Plastics SA releases 2015 plastics recycling figures

Plastics-SA-recycling-figuresThe results of Plastics SA’s latest comprehensive and complete survey for the year ending December 2015 have been released.

The umbrella organisation representing the local plastics industry has been measuring the recycling rate of plastics in South Africa for the last couple of decades. Annual updates are done to track trends in recycling.

Key findings for the 2015 plastics recycling figures are:

  • South Africa mechanically recycled 292 917 tonnes of plastics in 2015 – an increase of three percent year on year from 2014.
  • Over the last five years the compounded growth in plastics recycling was 5.5 percent per annum.
  • Domestic production of virgin polymers totalled 1 490 000 tonnes in 2015, growing 6.4 percent from 2014. This growth would essentially be as a result of the weakening exchange rate against international currencies that lead to local procurement of plastics products rather than imports.
  • A total of 310 641 tonnes of plastics were diverted from landfill in 2015. This is 1.6 percent less than in 2014, and is due to the significant reduction in the export of recyclable waste.
  • The overall diversion from landfill rate was 20.8 percent, decreasing from 22.5 percent in 2014.
  • Strong growth was seen in the recycling of PET, PE-LD/LLD and polystyrene, due to new capacities that came on line in 2015.
  • Recycling rates of PE-HD, polypropylene and PVC declined as some of the products traditionally made from recyclate of these materials are directly linked to consumer spending and mining activities.
  • Formal employment in the recycling sector increased with 3.3 percent to 6 234 permanent jobs.
  • Informal employment has grown with three percent to an estimated 48 820 collectors.
  • The recycling industry invested 48 percent more in capital equipment per tonne of material processed in 2015 to deal with increasing demands and improved quality requirements.
  • Processing costs increased 15.4 percent year on year with the biggest contributors to cost being water, electricity and transport.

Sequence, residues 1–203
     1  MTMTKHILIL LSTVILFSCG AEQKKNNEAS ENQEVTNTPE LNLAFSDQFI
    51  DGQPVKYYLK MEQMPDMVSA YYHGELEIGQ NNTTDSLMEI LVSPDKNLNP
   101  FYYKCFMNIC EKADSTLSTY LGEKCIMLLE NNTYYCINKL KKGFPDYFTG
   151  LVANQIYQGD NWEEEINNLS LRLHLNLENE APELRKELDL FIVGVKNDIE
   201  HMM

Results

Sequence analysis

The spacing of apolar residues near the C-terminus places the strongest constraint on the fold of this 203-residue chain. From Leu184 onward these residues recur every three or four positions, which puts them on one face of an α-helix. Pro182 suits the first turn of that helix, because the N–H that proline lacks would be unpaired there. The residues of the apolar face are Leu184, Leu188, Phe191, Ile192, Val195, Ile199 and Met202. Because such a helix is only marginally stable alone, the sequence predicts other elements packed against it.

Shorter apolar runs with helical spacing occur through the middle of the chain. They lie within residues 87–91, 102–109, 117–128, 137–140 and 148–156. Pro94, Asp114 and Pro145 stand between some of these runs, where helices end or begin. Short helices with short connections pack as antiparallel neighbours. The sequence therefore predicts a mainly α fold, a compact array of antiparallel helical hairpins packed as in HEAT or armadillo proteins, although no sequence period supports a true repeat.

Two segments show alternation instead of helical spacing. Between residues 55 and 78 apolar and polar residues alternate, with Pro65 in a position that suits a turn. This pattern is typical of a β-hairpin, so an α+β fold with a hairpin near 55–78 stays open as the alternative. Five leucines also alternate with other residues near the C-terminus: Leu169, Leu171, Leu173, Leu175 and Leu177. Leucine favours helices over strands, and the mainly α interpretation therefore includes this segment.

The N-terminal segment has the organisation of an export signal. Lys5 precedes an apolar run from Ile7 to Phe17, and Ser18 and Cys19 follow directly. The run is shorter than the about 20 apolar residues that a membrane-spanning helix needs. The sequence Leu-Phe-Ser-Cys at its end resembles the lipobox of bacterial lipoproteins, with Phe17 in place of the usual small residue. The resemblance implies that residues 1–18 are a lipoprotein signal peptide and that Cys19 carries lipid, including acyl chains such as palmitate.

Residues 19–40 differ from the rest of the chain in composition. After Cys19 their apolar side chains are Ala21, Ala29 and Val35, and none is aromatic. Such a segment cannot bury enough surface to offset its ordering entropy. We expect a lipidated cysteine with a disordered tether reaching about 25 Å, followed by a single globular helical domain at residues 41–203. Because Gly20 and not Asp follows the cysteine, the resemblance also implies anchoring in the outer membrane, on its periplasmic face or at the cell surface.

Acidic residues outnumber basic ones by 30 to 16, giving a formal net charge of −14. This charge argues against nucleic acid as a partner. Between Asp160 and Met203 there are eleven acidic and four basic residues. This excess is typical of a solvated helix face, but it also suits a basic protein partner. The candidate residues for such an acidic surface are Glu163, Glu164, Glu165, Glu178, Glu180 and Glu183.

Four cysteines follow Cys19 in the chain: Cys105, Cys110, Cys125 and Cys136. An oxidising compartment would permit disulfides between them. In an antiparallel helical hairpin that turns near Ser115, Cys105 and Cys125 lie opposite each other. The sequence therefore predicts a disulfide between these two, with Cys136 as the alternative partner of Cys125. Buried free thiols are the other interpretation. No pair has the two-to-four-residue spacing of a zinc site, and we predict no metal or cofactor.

Commenting on the latest recycling figures, Plastics SA executive director Anton Hanekom notes that the plastics recycling industry around the world is taking strain. ‘Analysts agree that 2015 was one of the toughest years for recyclers both locally and abroad in more than a generation. This is owed to historically low oil prices that led to lower polymer prices. It, in turn, had a direct impact on the price of recycled material, which resulted in minimal growth and a slowdown in the amount of plastics we are able to divert from landfill.’

Diverting plastic waste from landfill

The plastics fraternity adopted the aspirational vision of sending Zero Plastics to Landfill by 2030 early in 2014. For the past two years, industry associations, polymer groups and recyclers have been encouraged to unite their efforts in order to achieve this objective.

Despite their conscious efforts to increase the recycling rate and develop new end markets for recycled material, just over 20 percent of all the plastics that were manufactured were successfully diverted from landfill during 2015.

‘South Africa has a thriving recycling industry that creates jobs for thousands of people. Yet, it is frustrating to see that there is still not an established recycling culture in our country. We still see too much plastics ending up in landfill that could have been recycled many times over into various new products,’ adds Hanekom.